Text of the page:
No one seemed to be around. I materialized under a dim red exit light and ditched my nearly forgotten cigarette in a bucket of sand hanging on the wall. I rarely smoked the things anymore; my lungs didn't like them, but they made useful social props.

The band blared away in front of me, masked off from the backstage area by a silver curtain. It was flimsy enough to see through when the lights were up on the other side. A dozen girls wearing strategic bits of tinsel and tap shoes were trying to beat holes in the dance floor, an encouraging sight, because it meant Bobbi would be in her dressing room. I didn't waste any more time.

She said "Come in" to my knock. This time I turned the knob and walked through like a normal person. Bobbi was at the dressing table checking her makeup, a glowing oasis of platinum blond sanity in an otherwise screwy evening.

In the light-lined mirror she saw the door open and shut all by itself. Her wide hazel eyes blinked once in puzzlement, and then she broke into a smile.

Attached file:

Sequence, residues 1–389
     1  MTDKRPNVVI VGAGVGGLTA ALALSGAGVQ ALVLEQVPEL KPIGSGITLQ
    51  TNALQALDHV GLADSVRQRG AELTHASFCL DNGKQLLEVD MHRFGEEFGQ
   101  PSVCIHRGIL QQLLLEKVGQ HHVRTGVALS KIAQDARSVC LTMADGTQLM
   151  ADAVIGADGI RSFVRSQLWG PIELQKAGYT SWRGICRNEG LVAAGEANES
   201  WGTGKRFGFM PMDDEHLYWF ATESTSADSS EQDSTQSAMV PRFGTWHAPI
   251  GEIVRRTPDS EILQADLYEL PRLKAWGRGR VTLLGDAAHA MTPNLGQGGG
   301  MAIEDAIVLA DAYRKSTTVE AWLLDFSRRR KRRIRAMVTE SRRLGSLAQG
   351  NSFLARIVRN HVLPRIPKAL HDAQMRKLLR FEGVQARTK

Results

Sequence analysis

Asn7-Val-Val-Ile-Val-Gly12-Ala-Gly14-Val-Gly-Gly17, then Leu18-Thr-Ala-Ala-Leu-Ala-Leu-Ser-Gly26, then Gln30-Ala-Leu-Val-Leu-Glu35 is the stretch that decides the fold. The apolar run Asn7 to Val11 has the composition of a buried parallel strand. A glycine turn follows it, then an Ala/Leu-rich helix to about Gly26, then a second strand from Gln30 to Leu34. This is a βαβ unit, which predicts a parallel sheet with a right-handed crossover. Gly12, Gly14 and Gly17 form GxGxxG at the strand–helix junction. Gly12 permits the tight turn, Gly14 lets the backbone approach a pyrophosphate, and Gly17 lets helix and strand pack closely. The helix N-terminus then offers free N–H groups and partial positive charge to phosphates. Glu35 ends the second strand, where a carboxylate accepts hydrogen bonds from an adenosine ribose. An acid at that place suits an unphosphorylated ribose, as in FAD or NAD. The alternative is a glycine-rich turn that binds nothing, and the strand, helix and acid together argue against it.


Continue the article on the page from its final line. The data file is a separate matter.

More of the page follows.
"Jack!" She turned around so she could see me and opened her arms. I did what I could to fill them, half lifting her from the padded satin chair she'd been perched on.

We were pretty incoherent for the next few minutes until she insisted on coming up for air.

"How's the show going?" I asked.

"Pretty good for a slow night. What are you doing up here so early?"

"On a job for Charles. If you have time, I'll tell you."

She glanced at a clock on the dresser. "I got five minutes."

"Okay." I gave her a very quick rundown on things, including Marian's attack on my lips, and the follow-up with Summers. Bobbi looked my face over and pursed her own lips critically.

"You run in rough company, buster. I didn't notice before, but that is definitely not my shade." She grabbed a cloth and briskly wiped my mouth. "The little tramp,"

she muttered. "Good thing you confessed or I might have clobbered you myself."

"What's to confess? I was just an innocent bystander. She was the one who got all the ideas, and then her boyfriend added a few of his own. He could have busted my eardrum."

Bobbi tossed the cloth on the table and swung around to sit in my lap. "Which ear?"

I pointed. She kissed it and tugged at the lobe a little with her teeth.